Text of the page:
That failure of governance became intolerable towards its very end as hundreds of innocents were killed in the 2019 Easter Sunday attacks directly due to these lapses. Squabbles have now arisen over whether President Gotabhaya Rajapaksa can place the Ministry of Defence under him given the 19th Amendment’s limiting that ability (along with the Ministries of Mahaweli and Environment) in its transitional provisions only to the Sirisena Presidency and not to his successors. Constitutional arguments to that effect over the entrenched constitutional primacy of Article 4 b) are put forward by those who maintain that the President can indeed, hold the Defence portfolio.

Their contenders argue otherwise, propounding inter alia, that a specific constitutional prohibition must prevail over an implied permission emanating from other provisions of the constitutional text. No doubt all this is rendered redundant by the fact that the Rajapaksa steamroller majority in Parliament will ensure amendment of the Constitution to take away that prohibition. Even so, the ‘yahapalanaya-ites’ who are crying to the heavens at this threatened constitutional transgression must also be reminded that the worst atrocity on Sri Lankan soil took place when ‘homegrown’ islamist jihadists attacked churches and hotels while a President and a Prime Minister was bickering about who should come for the Security Council and who should be shut out.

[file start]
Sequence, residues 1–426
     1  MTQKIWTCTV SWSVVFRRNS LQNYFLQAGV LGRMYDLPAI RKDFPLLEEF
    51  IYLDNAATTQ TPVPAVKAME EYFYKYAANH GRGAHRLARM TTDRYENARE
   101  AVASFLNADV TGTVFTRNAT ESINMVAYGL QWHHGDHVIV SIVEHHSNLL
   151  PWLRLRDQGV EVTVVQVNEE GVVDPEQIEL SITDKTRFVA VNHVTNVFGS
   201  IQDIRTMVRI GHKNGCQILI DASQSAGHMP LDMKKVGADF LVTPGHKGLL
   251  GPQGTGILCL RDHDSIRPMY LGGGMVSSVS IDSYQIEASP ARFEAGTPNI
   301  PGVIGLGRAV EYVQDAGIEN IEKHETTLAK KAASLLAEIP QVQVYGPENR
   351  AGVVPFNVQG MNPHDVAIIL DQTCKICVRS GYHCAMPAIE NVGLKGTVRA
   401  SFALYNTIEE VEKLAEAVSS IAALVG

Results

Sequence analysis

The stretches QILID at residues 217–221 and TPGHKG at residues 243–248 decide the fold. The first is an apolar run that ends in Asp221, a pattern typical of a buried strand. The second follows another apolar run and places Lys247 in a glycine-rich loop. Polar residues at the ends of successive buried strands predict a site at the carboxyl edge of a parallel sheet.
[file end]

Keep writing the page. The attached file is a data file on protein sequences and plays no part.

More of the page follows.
Fig-leaf to ‘demolish’ governance